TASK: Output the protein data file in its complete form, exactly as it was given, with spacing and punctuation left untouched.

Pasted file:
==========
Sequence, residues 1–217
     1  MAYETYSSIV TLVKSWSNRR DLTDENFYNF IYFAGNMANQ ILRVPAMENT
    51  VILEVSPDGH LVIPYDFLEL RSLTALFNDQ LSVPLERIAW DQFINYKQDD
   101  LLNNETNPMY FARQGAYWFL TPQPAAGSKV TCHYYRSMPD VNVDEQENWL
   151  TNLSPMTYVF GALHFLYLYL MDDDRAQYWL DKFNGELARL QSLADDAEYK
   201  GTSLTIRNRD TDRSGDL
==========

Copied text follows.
Sequence, residues 1–217
     1  MAYETYSSIV TLVKSWSNRR DLTDENFYNF IYFAGNMANQ ILRVPAMENT
    51  VILEVSPDGH LVIPYDFLEL RSLTALFNDQ LSVPLERIAW DQFINYKQDD
   101  LLNNETNPMY FARQGAYWFL TPQPAAGSKV TCHYYRSMPD VNVDEQENWL
   151  TNLSPMTYVF GALHFLYLYL MDDDRAQYWL DKFNGELARL QSLADDAEYK
   201  GTSLTIRNRD TDRSGDL